Finally, the optimizer is based on the assumption the figure of merit is a smooth function with only one maxima. This is kind of like a landscape with only one hill - as long as you always increase in altitude, you will eventually reach the top of the hill. Unfortunately, antenna response curves are much more complex. You may be on top of one hill, but that doesn't mean there isn't a bigger hill somewhere else. (Or, if you overshoot the top of the hill you're on that you won't land on a different hill.)

This is not to say 4nec2's Optimizer isn't usefull. Assuming you can create a reasonable figure of merit, it will happily tweak your design to the micrometer. But if you just feed in your design and click "Optimize" without a little foresight there's a chance you will end up with an even worse antenna.
 

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I am still a little confused about the "Source/Load" concept(s).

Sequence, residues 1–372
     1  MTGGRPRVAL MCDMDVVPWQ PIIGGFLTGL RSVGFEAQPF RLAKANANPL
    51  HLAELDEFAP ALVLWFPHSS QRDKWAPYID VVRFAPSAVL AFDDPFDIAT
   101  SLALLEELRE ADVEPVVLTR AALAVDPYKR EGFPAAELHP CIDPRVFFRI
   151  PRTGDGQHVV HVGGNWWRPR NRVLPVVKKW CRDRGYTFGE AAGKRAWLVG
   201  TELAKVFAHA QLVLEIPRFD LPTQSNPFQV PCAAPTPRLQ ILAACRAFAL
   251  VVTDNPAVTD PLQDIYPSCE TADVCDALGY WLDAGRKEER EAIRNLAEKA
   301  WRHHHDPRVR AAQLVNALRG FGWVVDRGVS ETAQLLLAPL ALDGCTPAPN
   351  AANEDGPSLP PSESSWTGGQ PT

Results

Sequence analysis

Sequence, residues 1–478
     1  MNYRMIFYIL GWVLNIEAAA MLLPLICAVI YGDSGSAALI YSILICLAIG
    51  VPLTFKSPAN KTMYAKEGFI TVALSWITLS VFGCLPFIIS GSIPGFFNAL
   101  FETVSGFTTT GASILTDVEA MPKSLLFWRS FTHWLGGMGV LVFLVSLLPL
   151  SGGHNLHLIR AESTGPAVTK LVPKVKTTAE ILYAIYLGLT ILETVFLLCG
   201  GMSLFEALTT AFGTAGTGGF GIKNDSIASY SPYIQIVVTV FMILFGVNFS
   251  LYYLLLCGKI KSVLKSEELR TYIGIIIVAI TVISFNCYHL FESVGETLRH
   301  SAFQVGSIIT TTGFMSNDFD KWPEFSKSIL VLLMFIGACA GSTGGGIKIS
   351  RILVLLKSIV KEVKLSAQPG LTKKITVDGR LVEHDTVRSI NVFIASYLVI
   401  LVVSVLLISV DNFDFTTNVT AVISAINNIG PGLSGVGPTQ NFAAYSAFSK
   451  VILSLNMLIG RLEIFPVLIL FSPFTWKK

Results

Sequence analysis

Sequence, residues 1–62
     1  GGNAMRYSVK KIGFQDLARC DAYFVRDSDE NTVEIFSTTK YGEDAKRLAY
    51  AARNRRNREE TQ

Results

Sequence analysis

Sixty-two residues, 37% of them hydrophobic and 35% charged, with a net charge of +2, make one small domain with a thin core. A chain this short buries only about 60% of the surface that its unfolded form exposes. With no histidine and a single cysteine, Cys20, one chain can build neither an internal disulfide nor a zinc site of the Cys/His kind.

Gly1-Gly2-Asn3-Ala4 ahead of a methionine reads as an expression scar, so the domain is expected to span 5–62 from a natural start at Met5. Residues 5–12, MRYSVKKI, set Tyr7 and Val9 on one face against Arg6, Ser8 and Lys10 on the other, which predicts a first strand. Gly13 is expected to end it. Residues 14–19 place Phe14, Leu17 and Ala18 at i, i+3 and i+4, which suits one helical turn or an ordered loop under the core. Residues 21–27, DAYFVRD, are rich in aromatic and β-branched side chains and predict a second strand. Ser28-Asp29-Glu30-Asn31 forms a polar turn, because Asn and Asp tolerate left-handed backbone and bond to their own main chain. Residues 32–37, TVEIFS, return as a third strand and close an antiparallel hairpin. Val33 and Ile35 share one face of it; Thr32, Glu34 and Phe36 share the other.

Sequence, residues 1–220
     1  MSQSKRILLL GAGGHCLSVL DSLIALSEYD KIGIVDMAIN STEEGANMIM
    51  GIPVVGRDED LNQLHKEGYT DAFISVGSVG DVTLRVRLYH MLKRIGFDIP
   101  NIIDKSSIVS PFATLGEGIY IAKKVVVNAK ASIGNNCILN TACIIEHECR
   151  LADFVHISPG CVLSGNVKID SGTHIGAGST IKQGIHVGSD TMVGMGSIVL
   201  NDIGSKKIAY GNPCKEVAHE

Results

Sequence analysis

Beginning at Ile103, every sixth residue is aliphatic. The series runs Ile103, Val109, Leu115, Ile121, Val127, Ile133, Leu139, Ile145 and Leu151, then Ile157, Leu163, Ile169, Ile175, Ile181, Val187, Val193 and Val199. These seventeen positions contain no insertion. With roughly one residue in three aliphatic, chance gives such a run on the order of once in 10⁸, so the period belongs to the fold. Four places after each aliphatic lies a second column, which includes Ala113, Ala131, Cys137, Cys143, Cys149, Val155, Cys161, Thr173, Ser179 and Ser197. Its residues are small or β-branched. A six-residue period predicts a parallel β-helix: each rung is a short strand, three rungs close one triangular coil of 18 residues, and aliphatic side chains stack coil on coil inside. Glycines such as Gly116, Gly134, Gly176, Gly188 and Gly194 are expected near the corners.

Source is a power / frequency source. If you are using one, you are modelling the antenna as a transmitter. However, due to "reciprocity" most of the behaviour of an antenna is equivalent for reception too. (4nec2 doesn't handle modelling reception, so you'd need to use NEC2 directly and do the pre & post-processing yourself.) It's best to stick to one source in your model.

Loads come in multiple types. Spot loads are like soldering a physical resistor, inductor or capacitor to your antenna (LD 0/1). You can also specify the impedance (LD 2/3) or conductance (LD 5) of the materials used to build your antenna.